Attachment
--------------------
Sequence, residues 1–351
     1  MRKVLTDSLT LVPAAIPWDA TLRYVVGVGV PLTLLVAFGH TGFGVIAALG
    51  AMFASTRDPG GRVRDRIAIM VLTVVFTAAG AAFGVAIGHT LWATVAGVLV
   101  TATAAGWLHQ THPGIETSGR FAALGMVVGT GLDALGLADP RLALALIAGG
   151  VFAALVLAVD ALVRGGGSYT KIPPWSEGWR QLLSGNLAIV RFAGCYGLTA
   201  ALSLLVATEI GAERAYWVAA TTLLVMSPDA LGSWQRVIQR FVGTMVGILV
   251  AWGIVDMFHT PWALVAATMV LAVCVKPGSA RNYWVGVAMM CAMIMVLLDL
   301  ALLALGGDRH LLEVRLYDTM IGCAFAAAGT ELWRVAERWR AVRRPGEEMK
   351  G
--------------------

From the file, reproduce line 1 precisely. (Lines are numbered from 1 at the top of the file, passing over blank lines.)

Sequence, residues 1–351